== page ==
When Tim Berners-Lee was designing the technology that has transformed our world, he looked for a noun that would describe what he had in mind. The one he eventually settled on was “web”, which is how the world wide web got its name.
To its inventor, the noun must have seemed perfectly apposite: it described the intricate, organic linking of sites and pages that he had in mind. But “web” has other, metaphorical, connotations. Webs are things that spiders weave with the aim of capturing prey. And if you want a metaphor for thinking about where we are now with networked technology, here’s one to ponder.
Imagine a gigantic, global web in which are trapped upwards of two billion flies. Most of those unfortunate creatures don’t know – yet – that they are trapped. After all, they wandered cheerfully, willingly, into the web. Some of them even imagine that they could escape if they wanted to.
We are those insects. The only way of escaping our predicament is to renounce the world in the way that Trappist monks once did. Since we’re not going to do that, we have to face the reality: we’re trapped in a system in which everything we do is monitored and logged and in which privacy is a thing of the past. Everything that you do with modern communications equipment leaves a digital trail. And this trail is followed assiduously not just by giant corporations, but also by governments and their security services – as vividly illustrated by the revelations of Edward Snowden.
What’s astonishing is how unconcerned many people appear to be about this. Is it because they are unaware of the extent and comprehensiveness of the surveillance? Or is it some weird manifestation of Stockholm syndrome – that strange condition in which prisoners exhibit positive feelings towards their captors? What we’ve learned above all from the Snowden leaks is that the scale and capability of the NSA surveillance are much greater than anyone imagined. Most people had assumed that most non-encrypted communications were vulnerable and some speculated that some encrypted communications (eg Skype) had a hidden backdoor for the NSA. But nobody realised that, as the latest revelations showed, all the encryption technologies routinely used to protect online transactions (https, SSL, VPN and 4G encryption), plus anything going through Google, Microsoft, Facebook and Yahoo, have been cracked.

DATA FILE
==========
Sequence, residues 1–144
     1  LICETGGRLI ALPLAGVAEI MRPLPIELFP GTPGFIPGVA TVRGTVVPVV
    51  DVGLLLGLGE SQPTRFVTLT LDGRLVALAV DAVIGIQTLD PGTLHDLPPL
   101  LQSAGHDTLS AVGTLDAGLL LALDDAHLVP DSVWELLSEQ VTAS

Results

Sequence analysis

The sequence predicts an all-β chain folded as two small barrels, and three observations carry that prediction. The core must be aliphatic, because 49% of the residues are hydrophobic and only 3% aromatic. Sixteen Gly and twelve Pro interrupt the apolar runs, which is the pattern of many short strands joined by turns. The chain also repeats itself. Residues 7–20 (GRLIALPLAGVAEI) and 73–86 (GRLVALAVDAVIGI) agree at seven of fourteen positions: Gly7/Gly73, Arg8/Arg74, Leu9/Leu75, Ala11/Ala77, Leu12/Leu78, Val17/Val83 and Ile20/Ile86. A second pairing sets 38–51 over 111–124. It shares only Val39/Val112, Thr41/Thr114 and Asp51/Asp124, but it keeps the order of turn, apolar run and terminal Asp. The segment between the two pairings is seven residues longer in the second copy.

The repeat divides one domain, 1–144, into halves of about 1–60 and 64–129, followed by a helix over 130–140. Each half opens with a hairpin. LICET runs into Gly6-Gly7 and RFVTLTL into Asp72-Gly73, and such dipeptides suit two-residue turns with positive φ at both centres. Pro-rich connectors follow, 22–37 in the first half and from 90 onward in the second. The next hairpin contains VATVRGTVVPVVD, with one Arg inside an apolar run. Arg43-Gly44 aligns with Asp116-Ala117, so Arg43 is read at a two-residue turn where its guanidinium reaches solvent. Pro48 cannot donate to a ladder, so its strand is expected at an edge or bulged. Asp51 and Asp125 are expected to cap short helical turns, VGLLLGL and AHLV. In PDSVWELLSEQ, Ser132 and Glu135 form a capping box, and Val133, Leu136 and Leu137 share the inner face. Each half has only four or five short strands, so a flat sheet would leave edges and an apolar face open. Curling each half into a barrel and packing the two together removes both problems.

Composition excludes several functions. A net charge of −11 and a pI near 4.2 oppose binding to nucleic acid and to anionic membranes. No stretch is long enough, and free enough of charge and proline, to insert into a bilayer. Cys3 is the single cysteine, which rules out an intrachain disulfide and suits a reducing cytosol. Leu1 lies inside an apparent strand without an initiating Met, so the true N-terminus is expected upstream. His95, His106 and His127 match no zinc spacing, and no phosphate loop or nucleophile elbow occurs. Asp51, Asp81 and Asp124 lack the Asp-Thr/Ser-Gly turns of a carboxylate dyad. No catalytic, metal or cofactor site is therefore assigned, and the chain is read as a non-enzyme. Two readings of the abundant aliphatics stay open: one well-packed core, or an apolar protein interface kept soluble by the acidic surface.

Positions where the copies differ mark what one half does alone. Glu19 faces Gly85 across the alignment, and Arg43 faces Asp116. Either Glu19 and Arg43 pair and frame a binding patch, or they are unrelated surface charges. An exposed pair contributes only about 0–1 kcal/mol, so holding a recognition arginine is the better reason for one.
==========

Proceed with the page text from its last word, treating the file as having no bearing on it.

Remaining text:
What this means is that no form of electronic communication handled by commercial companies can now be assumed to be secure. In that sense, the NSA has really fouled the nest of the US internet industry . And it is even suspected that about 90% of communications routed through the TOR network are using encryption that may also have been hacked by the NSA. What can you do if you’re someone who feels uneasy about being caught in this web? The honest answer is that there’s no comprehensive solution: if you are going to use telephones (mobile or landline) and the internet then you are going to leave a trail. But there are things you can do to make your communications less insecure and your trail harder to follow. Here are 10 ideas you might consider.
Rethink your email setup. Assume that all “free” email and webmail services (Gmail etc) are suspect. Be prepared to pay for a service, such as Fastmail,that is not based in the US – though some of its servers are in New York with backups in Norway. (My hunch is that more non-US email services will appear as entrepreneurs spot the business opportunity created by the Snowden revelations.) It would also be worth checking that your organisation has not quietly outsourced its email and IT systems to Google or Microsoft – as many UK organisations (including newspapers and universities) have.
The real difficulty with email is that while there are ways of keeping the content of messages private (see encryption), the “metadata” that goes with the message (the “envelope”, as it were) can be very revealing, and there’s no way of encrypting that because its needed by the internet routing system and is available to most security services without a warrant.